Good thoughts. I completely agree. Although, I would say the problem is more than 30 years in the making, or perhaps it's cyclical. Just look at the Baby Boomers. They are the classic "Me" Generation. Just listen to the Republican Party, which is overwhelmingly made up of Boomers. "Me, Me, Me, what's in it for me?" "Why should I care about other peoples's problems?" "It's not my job to worry about 47% of the country." It's not just people under 30 that are only there for themselves.

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GalinhanDec. 18, 12 1:24 PM

This is a great article. Being a 'baby boomer', I don't like being lumped into the mentioned "Me" Generation. I believe that took off after. When we started changing the way our schools handled children and the thought that children should't be exposed to teams that win and one loses, that maybe they don't get picked until last or that maybe they don't even make the team. We can't damage a child's self-esteem. Well, by implementing the practices we now use, we have damaged their esteem in ways I'm sure were not expected. We're at the other end of the spectrum. If we have parents that parent and allow teachers to teach, the children will be better off.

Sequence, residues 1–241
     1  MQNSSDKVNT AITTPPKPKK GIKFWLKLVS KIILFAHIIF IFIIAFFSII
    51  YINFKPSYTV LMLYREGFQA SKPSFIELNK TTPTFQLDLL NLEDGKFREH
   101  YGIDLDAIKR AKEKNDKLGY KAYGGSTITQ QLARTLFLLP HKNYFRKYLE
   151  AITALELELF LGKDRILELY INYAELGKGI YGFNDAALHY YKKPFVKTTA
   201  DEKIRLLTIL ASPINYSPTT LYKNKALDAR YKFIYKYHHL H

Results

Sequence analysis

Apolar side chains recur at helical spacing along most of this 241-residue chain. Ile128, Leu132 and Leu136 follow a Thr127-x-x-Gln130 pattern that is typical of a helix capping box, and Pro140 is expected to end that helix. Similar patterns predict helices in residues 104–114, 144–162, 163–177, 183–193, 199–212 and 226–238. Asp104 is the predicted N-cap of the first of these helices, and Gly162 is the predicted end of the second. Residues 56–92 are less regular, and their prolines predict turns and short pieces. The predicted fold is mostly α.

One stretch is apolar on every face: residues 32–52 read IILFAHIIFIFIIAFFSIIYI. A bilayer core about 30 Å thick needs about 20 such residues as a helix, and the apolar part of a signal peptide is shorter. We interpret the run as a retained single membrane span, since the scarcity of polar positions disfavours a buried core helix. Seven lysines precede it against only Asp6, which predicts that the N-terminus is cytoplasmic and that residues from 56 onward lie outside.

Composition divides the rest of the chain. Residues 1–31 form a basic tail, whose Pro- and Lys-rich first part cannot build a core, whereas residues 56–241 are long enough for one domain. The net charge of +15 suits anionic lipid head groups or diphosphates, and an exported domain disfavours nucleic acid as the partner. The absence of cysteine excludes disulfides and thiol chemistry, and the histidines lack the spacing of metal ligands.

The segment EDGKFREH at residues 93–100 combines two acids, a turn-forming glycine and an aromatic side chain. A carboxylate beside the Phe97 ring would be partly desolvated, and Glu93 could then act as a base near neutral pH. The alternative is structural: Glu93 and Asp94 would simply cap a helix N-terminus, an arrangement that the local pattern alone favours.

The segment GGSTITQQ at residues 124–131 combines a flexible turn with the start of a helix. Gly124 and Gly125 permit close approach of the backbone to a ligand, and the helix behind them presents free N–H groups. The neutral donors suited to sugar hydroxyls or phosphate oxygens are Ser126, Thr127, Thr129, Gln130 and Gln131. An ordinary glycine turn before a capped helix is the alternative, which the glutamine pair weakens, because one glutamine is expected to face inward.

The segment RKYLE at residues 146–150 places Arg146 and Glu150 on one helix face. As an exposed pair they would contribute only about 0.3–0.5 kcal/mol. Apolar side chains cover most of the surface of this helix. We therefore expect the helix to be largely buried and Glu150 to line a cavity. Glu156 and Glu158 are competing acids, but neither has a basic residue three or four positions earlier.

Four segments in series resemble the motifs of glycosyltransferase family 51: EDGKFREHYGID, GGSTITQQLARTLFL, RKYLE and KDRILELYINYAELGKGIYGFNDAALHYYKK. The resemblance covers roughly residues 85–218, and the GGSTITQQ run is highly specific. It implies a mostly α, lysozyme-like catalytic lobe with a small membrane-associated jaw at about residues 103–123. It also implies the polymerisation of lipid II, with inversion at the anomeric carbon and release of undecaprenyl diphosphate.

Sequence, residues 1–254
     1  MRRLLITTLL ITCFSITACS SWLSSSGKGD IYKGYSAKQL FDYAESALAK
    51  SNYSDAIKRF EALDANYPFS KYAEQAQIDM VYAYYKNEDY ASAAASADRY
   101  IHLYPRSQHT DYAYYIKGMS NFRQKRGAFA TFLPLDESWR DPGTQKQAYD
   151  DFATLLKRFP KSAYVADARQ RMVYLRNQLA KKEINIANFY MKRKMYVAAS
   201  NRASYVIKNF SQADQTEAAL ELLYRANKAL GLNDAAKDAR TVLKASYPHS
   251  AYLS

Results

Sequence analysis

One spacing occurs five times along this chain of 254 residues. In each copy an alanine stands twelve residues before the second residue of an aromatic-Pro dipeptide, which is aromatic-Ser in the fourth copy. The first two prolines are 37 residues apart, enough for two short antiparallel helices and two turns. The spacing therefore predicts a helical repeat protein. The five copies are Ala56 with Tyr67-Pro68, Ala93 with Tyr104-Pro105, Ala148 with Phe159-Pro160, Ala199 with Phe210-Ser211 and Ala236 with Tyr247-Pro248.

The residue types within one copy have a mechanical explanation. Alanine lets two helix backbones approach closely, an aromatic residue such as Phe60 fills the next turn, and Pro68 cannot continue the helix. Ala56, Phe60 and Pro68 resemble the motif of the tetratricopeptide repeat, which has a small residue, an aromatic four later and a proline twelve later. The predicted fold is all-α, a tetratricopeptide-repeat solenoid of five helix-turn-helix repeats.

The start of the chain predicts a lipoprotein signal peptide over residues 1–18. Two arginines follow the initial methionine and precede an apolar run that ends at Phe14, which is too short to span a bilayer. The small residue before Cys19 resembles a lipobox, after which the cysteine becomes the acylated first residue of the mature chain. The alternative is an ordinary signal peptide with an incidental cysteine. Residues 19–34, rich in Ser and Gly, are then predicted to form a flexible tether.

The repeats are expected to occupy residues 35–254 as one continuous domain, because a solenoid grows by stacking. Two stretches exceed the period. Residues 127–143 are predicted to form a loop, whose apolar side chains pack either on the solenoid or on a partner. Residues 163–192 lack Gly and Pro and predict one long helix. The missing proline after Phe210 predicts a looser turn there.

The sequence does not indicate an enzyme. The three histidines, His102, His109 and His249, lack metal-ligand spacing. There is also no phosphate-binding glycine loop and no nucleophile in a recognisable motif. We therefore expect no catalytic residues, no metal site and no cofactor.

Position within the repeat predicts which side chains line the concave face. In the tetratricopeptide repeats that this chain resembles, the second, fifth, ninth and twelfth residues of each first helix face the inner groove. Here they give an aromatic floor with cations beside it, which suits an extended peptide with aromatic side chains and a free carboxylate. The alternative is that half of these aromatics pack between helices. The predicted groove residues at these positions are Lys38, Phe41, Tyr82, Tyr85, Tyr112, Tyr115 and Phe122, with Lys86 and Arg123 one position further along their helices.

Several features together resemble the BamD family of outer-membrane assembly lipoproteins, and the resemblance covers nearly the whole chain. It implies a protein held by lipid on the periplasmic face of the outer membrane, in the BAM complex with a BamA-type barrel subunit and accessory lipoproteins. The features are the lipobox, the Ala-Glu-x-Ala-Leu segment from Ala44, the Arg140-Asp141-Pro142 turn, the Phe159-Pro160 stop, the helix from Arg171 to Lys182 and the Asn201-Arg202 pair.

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crystalbayDec. 18, 12 1:38 PM

I've also been in the mental health field (30 years), but take exception to the overly-simplistic conclusions of this author. "Self-love" is not the same thing as hubris, narcissism, and lack of empathy, yet his writing infers this. The disservice we did to our kids in the so-called "self esteem movement" was deeper than its description in this article. What we were told was to praise everything we could enthusiastically when a child did something we liked. What this effectively does to kids is it takes away his/her own ability to function without external validation. The correct method is, when a child has done something well, ask him or her, "How do you feel about this?" This way, the child learns early how to claim his/her own accomplishments instead of the parent doing it for him! Empathy is innate if we don't interfere with its development. It's also modeled by parents - a child not experiencing genuine empathy from his parents will likely not "feel" it for others.